If Cookie were just rude and self-indulgent, she wouldn’t be such a radical and delightful figure. She’s good at being mean because she’s emotionally perceptive, a skill that serves her well when she’s managing artists.

Sometimes that means delivering a cutting, direct assessment, like the order to “stop rappin’ like you from the streets, ’cause you not about that life!” Cookie gives Hakeem, who in fact gets more fun to watch when he stops posing and focuses on giving listeners either party anthems or raw emotional dispatches. In other moments, she’s a pragmatist, informing Hakeem’s ex Tiana (Serayah) that just because she has been caught on camera kissing another woman doesn’t mean her career’s at risk: “You’s a freak,” Cookie tells the younger woman, “And that’s a good thing. We can sell that.” Cookie’s power is such that she can even tame Courtney Love, recruited to “Empire” in a bit of genius stunt casting to play difficult aging star Elle Dallas.

For all that, Cookie does harbor real fears: Earlier in the season, they prompted her to order a hit on an old family friend, a decision that will almost surely have consequences tonight. But she’s not broken by her terror.

And at a moment when sex on television can be awfully fraught, it’s hard to think of a character who has more fun in bed than Cookie Lyon. She and her ex-husband, Lucious (Terrance Howard), share a warm, comfortable chemistry — you can see how the pair got to a place where, as she put it, “He tried to outdance me, girl. Next thing I know, we got three sons.”

Her pure enjoyment of sex and her self-confidence as a sexual person save her from the humiliations and hurts that might stymie lesser mortals. Show up to what turns out to be a family dinner in lingerie under a coat? In Cookie’s playbook, that’s an opportunity to show up Anika (Grace Gealey), her rival for Lucious’s affections.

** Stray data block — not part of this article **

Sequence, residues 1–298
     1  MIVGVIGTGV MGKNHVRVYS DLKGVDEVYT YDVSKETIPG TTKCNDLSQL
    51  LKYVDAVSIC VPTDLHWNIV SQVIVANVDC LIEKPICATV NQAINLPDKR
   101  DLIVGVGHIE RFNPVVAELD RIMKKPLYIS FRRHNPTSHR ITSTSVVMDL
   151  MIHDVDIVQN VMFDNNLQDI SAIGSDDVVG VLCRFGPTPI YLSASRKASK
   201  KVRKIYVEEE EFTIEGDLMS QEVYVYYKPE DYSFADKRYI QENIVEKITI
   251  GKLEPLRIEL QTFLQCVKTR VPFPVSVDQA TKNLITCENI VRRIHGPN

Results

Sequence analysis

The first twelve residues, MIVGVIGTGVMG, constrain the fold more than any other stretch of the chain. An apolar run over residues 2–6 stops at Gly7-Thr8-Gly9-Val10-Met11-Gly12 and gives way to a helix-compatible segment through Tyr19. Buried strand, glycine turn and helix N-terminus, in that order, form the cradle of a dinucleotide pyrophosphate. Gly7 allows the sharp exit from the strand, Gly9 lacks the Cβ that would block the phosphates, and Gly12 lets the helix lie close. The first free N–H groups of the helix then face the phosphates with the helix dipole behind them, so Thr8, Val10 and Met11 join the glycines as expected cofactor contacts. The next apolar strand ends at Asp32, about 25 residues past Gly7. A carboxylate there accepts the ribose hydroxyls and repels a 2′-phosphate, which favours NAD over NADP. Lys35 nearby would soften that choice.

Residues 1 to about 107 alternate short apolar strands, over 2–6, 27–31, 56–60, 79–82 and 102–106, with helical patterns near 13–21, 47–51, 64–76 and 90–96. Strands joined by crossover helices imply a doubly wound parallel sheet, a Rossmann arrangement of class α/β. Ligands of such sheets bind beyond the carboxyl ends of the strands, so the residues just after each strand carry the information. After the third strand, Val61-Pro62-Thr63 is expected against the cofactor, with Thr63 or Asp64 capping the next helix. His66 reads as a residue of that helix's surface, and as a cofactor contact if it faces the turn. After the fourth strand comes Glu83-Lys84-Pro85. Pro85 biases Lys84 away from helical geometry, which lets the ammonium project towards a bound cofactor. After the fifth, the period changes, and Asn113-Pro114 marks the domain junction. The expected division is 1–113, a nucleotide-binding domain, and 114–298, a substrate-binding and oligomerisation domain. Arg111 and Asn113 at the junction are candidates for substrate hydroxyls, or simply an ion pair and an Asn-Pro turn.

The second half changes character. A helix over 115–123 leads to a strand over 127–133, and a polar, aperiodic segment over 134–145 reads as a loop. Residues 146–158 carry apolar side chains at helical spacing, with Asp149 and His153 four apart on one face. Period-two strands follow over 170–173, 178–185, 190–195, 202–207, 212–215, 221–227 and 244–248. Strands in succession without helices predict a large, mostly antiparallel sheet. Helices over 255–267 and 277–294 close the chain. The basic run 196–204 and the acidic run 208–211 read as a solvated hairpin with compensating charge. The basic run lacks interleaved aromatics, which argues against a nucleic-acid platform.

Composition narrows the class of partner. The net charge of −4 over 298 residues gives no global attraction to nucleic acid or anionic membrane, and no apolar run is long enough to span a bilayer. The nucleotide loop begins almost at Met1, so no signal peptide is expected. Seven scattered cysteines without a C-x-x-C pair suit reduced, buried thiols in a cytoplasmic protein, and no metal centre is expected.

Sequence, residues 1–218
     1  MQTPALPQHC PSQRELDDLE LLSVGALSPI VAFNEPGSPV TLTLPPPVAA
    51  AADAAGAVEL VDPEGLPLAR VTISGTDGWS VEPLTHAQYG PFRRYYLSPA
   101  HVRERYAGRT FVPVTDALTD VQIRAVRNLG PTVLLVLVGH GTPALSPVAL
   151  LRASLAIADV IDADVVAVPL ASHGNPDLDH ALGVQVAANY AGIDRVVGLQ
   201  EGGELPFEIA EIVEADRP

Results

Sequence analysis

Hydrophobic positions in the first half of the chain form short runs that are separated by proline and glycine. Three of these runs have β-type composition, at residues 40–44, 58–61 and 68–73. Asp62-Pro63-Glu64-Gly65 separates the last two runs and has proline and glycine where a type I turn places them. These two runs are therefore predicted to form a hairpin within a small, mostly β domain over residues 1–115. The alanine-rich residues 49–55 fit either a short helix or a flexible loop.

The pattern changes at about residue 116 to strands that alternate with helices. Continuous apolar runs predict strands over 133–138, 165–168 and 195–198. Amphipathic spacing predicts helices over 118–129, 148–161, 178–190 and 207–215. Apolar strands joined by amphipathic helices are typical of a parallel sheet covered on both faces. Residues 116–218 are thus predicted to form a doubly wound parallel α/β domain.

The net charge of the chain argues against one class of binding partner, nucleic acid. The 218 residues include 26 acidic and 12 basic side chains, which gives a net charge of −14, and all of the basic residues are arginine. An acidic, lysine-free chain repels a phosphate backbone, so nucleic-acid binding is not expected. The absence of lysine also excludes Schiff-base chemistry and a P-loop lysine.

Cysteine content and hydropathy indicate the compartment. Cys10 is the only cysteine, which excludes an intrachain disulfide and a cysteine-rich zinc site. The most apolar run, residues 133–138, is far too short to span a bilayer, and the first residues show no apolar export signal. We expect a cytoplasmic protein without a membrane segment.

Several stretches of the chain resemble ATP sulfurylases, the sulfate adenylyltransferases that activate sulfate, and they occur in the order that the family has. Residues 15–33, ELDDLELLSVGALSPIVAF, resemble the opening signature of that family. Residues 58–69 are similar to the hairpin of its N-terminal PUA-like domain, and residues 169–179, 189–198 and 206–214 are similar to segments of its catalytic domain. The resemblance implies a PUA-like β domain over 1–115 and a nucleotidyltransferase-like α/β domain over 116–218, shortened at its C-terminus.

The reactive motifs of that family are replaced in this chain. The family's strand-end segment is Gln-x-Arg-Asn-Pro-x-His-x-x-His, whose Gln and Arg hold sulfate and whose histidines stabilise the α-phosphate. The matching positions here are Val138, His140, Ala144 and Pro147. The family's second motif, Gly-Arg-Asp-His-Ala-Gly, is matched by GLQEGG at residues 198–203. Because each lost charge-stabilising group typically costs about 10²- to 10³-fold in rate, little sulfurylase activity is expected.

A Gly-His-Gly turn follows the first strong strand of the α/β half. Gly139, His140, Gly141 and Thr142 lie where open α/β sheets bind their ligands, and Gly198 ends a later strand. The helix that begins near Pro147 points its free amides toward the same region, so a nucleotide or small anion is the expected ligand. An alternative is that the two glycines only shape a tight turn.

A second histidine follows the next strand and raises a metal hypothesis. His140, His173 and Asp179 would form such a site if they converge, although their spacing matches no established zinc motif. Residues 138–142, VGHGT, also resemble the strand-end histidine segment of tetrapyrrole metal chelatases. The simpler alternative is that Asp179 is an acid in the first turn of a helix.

Like the wisest adventuresses, Cookie has a healthy sense of self-protection: When she and Lucious start sleeping together again, she gives him a number of unprintable orders about the other woman in his life. And Lucious’s weakness on the matter proves disappointing, but not flattening. Watching a tipsy Cookie howl “Take these cookiesssss!” at her bodyguard Malcolm (Derek Luke, overdue the starring role in a romantic comedy he so richly deserves) is a lusty delight.

“Empire” was wise enough not to try to make Cookie a universal figure: She’s the product of a prison-induced time warp, a woman who shines under pressure in part because she has so much experience creating potentially humiliating situations from which to extract herself. Most of us are probably smart enough not to try to pull off her animal prints or her general approach to life.

But even if “the streets ain’t made for everybody — that’s why they made sidewalks,” it’s still a delight to watch Cookie bestride back alleys and boardrooms. In “Empire,” she’s a conquerer to rival the wannabe queens and liberators on “Game of Thrones,” even if the only dragon at her disposal is lizard print.